Visitors have been flocking to Brighton ever since the then Prince of Wales made the city fashionable in the 18th century. While its proximity to London means that house prices are high, a large population of students and artists ensures plenty of scope for entertainment on a budget. Check out these 10 cheap things to do in Brighton, England!
People watch in the Lanes
The North Laine area is a magnet for the weird and wonderful. Quirky shops are filled with quirky people, and a festival-like atmosphere pervades. If the temptation to physically shop proves irresistible, it’s still possible to make £20 go quite far thanks to a plethora of second-hand shops.
Brightonians love their promenade, which stretches from Hove to Brighton Marina and provides a amiable way to see and be seen. The wide pathway is bordered on one side by brightly coloured beach huts, and on the other by the beach itself.
Stop for a chat with anyone from professional roller skaters to international students studying at ESL Languages.
No trip to Brighton is complete without a trip to the city’s iconic pier. Built in the 19th century, the pier has appeared in a range of films, such as Quadrophenia, Mona Lisa, The End of the Affair, and Carry On At Your Convenience. The pier costs nothing to explore, but if the dodgems or rollercoaster appeal, then £20 will be more than enough to pay for a few rides.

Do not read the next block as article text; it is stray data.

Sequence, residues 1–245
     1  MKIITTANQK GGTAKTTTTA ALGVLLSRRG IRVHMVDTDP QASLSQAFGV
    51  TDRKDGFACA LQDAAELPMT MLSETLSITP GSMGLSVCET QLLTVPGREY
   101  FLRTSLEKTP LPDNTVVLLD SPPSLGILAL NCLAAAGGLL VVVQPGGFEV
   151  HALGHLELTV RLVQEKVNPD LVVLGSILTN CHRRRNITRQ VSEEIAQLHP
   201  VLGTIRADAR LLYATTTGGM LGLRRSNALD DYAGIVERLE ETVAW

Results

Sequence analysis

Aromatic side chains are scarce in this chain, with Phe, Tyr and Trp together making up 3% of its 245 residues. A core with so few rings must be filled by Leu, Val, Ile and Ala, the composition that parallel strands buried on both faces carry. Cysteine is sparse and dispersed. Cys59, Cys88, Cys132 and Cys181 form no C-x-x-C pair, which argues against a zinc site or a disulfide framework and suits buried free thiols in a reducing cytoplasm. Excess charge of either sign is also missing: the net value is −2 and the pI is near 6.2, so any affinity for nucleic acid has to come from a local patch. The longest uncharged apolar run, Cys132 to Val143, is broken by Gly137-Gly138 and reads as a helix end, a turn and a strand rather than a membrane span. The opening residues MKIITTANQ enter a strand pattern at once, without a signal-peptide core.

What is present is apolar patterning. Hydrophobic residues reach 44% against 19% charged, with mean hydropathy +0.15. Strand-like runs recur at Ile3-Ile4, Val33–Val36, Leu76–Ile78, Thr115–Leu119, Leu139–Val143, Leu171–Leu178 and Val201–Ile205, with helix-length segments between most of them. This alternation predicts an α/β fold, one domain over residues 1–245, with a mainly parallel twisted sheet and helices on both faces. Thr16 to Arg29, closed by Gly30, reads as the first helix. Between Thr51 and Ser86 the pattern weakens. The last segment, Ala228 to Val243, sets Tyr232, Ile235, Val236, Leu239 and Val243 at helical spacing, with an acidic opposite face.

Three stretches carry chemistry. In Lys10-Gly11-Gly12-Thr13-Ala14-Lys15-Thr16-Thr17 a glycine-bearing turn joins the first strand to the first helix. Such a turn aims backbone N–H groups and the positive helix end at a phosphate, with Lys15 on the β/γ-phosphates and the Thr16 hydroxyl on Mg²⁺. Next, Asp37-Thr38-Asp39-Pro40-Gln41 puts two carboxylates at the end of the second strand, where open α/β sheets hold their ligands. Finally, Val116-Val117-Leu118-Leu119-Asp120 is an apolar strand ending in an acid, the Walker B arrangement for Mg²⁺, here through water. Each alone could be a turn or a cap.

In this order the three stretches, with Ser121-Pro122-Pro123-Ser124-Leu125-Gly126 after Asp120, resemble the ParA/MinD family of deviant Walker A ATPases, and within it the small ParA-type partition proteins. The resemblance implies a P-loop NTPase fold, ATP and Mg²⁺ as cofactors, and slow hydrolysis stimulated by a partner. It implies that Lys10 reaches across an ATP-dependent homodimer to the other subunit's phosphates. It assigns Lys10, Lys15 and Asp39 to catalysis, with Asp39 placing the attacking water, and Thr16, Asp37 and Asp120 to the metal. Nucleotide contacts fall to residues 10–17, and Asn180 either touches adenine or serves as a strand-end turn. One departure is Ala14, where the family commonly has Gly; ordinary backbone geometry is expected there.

Climb Devil’s Dyke
Devil’s Dyke, situated just north of Brighton, is the longest, deepest and widest dry valley in the UK. It offers a stunning panorama from its summit – described by none other than John Constable as ‘the grandest view in the world’.
Watch a band or two
Brighton has a burgeoning music scene, having produced a number of artists such as Bat for Lashes, Fatboy Slim, the Kooks and British Sea Power. On any given night, the city’s bars and pubs have a range of live music – most of which is free.
Take a dip
Back in the 18th century, Brighton was known as the Queen of Watering Places. This was due to a Dr Richard Russell, whose famed ‘seawater cure’ involved bathing in Brighton’s bracing sea.
Nowadays, sea swimming is as popular as ever. Even during the winter, hardy members of the Brighton Swimming Club can be seen venturing out into the water. During the summer months, lifeguards keep watch over eager swimmers.
Marvel at the Royal Pavilion
Built as a pleasure palace between 1787 and 1823, the Royal Pavilion is a wonderfully outlandish building that has to be seen to be believed.
Respite at Hove Lagoon
Hove Lagoon is a small boating lake situated a stone’s throw from the sea. In fact, the water in the lagoon is sea water, pumped in by an ingenious Victorian device. If the sun’s shining, the grassy area around the lagoon is a nice place to watch various watersports and grab a drink from one of two cafes.
Find a festival
Brighton has a number of festivals that have plenty of free or low-price events. They include the flamboyant Brighton Pride in August, the Brighton Festival and the Brighton Fringe in May/June, and the Burning of the Clocks winter solstice celebration.
Marvel in a museum
There are couple of museums well worth visiting in the city. The Booth museum is home to a bizarre collection of taxidermy, while the Brighton Museum & Art Gallery is home to a pair of breeches worn by George IV.